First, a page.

Book Review: Hacking the Code By: Mark Burnett
I can't say enough good things about Mark Burnett's book Hacking the Code. From beginning to end it is a great read and a great resource. What impressed me from the beginning is how he was able to take such a wide range of difficult topics and make them sound so down to earth. The writing style is so polished and friendly that you almost forget that you are reading about pretty intensive topics.
I was continually impressed at how well formatted the book was. Now, that almost seems unimportant to mention but it's not. Each section gives the goals of that section, the topic thoroughly covered, and then a summary, worth reading I must add, to close off the section. This impressed me because it is easy to read this from cover to cover and quickly grasp the subject matter. Or, if you are reviewing the section, you can use the summary to be reminded of the key points.
VB.Net and C# code examples are plentiful, completely usable and easy to understand.
This book is a must read. Even with the topics that I already had a good handle on, I felt that I was continually picking up new pieces of information and being challenged to review the security I already had in place.
Hacking the Code is an easy read covering difficult topics in a consistent, complete and concise manner. I highly recommend this book without reservation.
Along with Windows Server 2003 and Internet Information Services 6.0 came a large number of benefits. For us IIS admins, it was a great welcome set of changes. But, one apparent difficultly is matching up the w3wp.exe processes displayed in Task Manager to the Application Pools in IIS.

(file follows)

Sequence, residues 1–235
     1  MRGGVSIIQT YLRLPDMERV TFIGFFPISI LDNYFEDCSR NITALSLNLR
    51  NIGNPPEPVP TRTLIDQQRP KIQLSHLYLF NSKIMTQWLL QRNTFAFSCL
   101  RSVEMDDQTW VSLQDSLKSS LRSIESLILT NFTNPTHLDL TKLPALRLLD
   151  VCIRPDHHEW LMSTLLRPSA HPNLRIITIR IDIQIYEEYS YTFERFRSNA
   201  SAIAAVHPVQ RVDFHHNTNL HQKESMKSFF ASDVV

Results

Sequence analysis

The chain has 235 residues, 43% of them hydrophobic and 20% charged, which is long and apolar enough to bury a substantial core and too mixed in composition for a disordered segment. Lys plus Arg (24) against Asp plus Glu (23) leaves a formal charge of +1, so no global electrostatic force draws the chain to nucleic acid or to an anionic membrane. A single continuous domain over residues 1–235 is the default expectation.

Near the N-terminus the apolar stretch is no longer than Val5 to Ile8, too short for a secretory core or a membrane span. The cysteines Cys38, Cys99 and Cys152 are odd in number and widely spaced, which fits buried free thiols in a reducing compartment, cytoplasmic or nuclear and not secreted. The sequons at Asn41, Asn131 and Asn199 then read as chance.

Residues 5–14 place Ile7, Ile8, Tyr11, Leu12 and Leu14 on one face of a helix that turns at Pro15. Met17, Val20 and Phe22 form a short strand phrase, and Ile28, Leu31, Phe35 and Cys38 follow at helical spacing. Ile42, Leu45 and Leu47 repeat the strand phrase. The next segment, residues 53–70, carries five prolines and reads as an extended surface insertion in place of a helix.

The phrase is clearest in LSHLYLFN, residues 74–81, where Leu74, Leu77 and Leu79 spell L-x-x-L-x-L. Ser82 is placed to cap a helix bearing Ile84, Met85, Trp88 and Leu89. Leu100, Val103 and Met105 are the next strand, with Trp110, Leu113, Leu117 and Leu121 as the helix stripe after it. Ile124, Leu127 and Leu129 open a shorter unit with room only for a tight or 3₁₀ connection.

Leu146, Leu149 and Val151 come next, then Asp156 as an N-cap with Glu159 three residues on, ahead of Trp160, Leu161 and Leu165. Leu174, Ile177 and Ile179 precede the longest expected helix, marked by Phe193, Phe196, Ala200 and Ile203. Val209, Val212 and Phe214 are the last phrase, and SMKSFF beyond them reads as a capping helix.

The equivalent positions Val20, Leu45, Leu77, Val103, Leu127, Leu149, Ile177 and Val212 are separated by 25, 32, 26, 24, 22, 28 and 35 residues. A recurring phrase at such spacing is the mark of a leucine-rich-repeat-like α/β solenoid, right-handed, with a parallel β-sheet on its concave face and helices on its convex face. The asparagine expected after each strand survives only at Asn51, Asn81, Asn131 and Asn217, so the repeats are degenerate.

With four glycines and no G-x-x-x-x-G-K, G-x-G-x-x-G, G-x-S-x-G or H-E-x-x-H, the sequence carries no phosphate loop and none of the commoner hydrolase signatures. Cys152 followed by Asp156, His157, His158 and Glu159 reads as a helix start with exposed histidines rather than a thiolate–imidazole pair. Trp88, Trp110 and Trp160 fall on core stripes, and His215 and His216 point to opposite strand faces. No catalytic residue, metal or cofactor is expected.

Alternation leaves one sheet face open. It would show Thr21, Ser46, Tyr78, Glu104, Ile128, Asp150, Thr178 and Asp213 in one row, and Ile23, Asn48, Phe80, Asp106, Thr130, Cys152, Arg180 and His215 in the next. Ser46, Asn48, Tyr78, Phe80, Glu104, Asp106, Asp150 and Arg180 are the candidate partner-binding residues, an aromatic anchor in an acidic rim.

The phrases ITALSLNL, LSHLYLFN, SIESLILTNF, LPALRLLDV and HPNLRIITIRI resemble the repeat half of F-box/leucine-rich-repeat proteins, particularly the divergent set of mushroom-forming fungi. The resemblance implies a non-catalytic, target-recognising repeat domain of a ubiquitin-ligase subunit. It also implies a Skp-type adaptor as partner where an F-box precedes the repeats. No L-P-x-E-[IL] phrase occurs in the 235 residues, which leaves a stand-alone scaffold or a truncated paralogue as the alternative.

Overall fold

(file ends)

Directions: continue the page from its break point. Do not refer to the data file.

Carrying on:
Review of IIS5
In IIS5.0 (Windows 2000 Server), each site that is set to Out Of Process will spin up a new instance of dllhost.exe. Windows Task Manager lists them. Now, the trick is to find out which dllhost.exe matches which site. My favorite way is to use Component Services. To do so, open Component Services from Administrative Tools, drill down to Computers -> My Computer and select COM+ Applications. Now select View from the top menu and select Status. Beside each site that currently has a dllhost.exe process spun up is the Process ID (PID). Using Task Manager, you can tell the memory and CPU.
Note: If the Process ID doesn't display for you in Task Manager, select View -> Select Columns and add it.
What about IIS6?
But, that doesn't work anymore with IIS6.0. Now each site in IIS6 is placed in an Application Pool. Each Application Pool is completely separated from other App Pools by running in its own process called w3wp.exe. This make life SO much easier. Now, the trick is to match up the process shown in Task Manager with the Application Pool set up in IIS.
If there is a different user for each application pool, Windows Task Manager is the easiest way to find out which application pool belongs to which site since Task Manager will display the user the process runs as.
But, what happens if you have multiple application pools running as the same user? For example, if you keep to the default NETWORK SERVICE user but create multiple Application Pools, you may want to know which process belongs to which App Pool. Component Services doesn't work for this anymore.
Enough already, tell me how to do it!
Have no worries, Microsoft has given us the exact tool for the situation. IISApp.vbs lists all the applications, their PID and their App Pool name.